Inside the left placket is another vertical zipper pocket, handy for storing a wallet or cell phone and just inside the outer flap that covers the main entry zipper is another vertical pocket with zipper.
There's a large cargo pocket at the lower rear of the Criton, it has a water-resistant zipper and can be used to store the hood or, in a tight fit, the insulating liner.
One of the best features of the Criton jacket is the inclusion of quality protectors and the included back protector.
All of the protectors are removable and CE certified.
In fact, the Criton jacket comes with a CE certified Level 2 back protector insert, something not even included on the very high-end $1,300.00 REV'IT! jacket.
The protectors are made in Italy by Safe Tech srl (Warning: their website uses Flash).
The inclusion of these quality protectors is a big plus for the Criton jacket and again, if iXS can do it for $450.00, there's no excuse for any jacket costing more to not have certified shoulder and elbow protectors and a back protector included also.
The Criton jacket has a large single main entry zipper with nylon teeth.
All of the zippers including this one are labeled as iXS brand, so apparently iXS makes its own zippers or has an agreement to re-label another brand.
A wide over-flap with rain gutter covers the zipper, then there are 6 metal snaps on another wide flap that covers that and forms the outer barrier. The snap covers have a semi-hard plastic cover with the iXS logo.
Both of the large flaps are lined with a separate black poly material.
This three-level entry provides excellent wind and water protection to the main entry zipper, but the design allows it to remain flexible for comfort and with a minimum of bulk.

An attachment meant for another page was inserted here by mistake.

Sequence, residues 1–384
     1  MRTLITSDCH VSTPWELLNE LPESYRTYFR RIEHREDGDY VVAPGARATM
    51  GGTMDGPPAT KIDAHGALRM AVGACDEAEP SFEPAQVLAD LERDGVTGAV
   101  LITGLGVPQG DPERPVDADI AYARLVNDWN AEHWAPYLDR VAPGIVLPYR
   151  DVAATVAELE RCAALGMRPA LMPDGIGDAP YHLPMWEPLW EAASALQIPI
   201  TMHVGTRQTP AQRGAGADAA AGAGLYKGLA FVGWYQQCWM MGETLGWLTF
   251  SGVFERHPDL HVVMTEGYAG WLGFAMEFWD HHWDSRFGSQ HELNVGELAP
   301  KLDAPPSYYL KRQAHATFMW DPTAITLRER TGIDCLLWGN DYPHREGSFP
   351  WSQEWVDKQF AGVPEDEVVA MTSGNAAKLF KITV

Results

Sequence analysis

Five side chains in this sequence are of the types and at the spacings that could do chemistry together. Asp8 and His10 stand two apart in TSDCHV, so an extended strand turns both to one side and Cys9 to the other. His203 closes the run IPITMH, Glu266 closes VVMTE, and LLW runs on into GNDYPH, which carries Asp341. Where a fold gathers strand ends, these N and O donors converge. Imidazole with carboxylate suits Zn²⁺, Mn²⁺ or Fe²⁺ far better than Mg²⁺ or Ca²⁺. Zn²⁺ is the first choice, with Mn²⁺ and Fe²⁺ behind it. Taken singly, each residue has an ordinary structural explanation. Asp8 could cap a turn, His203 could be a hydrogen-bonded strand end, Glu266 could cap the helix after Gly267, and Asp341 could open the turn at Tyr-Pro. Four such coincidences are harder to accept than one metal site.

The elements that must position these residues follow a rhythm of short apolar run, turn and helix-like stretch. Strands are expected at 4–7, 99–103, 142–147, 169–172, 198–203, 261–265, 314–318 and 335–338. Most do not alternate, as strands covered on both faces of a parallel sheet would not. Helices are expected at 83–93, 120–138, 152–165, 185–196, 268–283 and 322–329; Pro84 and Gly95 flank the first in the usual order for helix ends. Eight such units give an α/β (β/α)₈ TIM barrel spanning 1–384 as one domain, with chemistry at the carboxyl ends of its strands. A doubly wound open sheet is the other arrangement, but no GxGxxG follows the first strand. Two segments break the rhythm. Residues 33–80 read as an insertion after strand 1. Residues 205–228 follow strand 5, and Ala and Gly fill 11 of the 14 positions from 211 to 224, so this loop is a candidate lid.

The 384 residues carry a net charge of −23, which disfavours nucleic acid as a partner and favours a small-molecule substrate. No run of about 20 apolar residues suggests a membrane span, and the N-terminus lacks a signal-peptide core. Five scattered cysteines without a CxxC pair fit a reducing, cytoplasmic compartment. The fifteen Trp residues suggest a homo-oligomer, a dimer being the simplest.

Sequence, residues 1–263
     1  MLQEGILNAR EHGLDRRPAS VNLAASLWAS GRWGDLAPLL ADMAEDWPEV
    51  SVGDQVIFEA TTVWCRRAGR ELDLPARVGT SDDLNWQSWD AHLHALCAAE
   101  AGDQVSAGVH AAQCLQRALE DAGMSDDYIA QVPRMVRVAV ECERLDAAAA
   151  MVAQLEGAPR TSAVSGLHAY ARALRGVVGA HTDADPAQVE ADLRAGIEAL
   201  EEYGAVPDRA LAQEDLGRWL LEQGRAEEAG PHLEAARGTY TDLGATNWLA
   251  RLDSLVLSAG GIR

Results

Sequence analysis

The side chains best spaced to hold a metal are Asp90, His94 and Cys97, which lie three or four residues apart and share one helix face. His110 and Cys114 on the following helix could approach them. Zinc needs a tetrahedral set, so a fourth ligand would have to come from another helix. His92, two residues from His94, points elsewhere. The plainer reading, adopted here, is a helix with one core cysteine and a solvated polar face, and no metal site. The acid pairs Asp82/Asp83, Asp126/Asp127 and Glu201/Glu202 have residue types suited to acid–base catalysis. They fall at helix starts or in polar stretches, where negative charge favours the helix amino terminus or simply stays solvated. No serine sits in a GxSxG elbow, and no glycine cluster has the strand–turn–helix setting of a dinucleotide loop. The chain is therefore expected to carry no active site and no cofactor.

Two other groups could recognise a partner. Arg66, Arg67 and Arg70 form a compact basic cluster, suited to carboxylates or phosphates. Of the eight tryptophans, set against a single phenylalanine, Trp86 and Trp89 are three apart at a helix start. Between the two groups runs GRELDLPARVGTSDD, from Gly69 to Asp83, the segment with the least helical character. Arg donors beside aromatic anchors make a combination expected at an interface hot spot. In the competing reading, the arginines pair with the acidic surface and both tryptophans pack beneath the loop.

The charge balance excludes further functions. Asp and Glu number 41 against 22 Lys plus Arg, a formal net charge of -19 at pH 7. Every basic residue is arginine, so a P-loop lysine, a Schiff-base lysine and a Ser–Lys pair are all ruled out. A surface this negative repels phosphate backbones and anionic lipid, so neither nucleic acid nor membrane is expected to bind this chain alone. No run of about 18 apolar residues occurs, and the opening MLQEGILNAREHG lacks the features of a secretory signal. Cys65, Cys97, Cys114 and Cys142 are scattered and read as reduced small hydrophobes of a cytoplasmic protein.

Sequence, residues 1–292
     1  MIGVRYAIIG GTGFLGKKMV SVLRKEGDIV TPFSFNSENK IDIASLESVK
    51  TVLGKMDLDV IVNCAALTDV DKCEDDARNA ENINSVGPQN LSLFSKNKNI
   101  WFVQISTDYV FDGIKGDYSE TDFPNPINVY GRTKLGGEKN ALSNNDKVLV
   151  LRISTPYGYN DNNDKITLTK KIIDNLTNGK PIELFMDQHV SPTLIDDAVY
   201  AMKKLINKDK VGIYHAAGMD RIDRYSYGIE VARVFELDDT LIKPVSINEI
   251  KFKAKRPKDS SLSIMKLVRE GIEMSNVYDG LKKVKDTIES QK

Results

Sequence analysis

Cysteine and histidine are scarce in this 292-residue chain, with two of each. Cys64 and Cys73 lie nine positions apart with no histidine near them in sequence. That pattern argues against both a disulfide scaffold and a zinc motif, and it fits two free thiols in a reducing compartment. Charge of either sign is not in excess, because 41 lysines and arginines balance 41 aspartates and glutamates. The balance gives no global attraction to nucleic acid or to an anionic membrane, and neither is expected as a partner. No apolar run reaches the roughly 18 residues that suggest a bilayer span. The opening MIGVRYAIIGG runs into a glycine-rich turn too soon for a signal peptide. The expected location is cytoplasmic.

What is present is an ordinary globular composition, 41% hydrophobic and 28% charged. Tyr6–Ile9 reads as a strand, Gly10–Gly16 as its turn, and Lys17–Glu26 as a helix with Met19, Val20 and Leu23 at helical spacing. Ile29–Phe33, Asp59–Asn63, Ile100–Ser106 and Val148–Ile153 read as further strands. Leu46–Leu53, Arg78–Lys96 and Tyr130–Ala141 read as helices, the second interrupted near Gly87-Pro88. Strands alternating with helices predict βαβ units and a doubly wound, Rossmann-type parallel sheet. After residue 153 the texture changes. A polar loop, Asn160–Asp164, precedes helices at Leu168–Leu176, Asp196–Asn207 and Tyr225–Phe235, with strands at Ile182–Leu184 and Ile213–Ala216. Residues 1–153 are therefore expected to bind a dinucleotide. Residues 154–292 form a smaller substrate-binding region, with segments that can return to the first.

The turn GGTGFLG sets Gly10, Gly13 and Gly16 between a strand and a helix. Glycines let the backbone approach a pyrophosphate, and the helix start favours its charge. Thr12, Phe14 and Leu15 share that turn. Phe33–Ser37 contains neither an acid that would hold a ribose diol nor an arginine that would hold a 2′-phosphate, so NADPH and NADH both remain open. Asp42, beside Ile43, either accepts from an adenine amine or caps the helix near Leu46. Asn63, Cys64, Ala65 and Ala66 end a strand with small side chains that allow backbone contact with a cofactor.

The Criton jacket comes in black or this very high-visibility yellow/green version. There are several reflective strips along the front, arms/sides and the rear.
The reflective sections are nicely integrated into the jacket graphics and they are made from some type of very thin bonded overlay that's actually so thin, it seems like paint but isn't.
The photo above illustrates the reflectivity of the Criton jacket, between the high-viz color and the many reflective bits, this jacket really pops both at night and during the day!
iXS is making a major investment and effort to bring a very extensive line of motorcycle clothing to the U.S.A.
The iXS Criton jacket is our first experience with the brand and if the rest of the lineup offers this much value, surely the Swiss company's products will become very popular here.
The Criton has a very nicely made and rugged exterior, with an interesting use of three different types of textiles.
The 650D overlays on the elbows and shoulders cover a larger area than most other jackets.
And the addition of the CE certified elbow and shoulder protectors plus the included CE Level 2 back protector insert is a very welcome bonus that will hopefully shame the other manufacturers into following.
The Criton has to be one of the nicest three-season jackets we've seen and it's well worth the $450.00 asking price.
|wBW Product Review: iXS Criton Jacket|
|Manufacturer: iXS USA||List Price (2016): $449.00|
|Colors: Black, black/high-viz||Made In: Unknown|
|Sizes: S-4XL||Review Date: September 2016|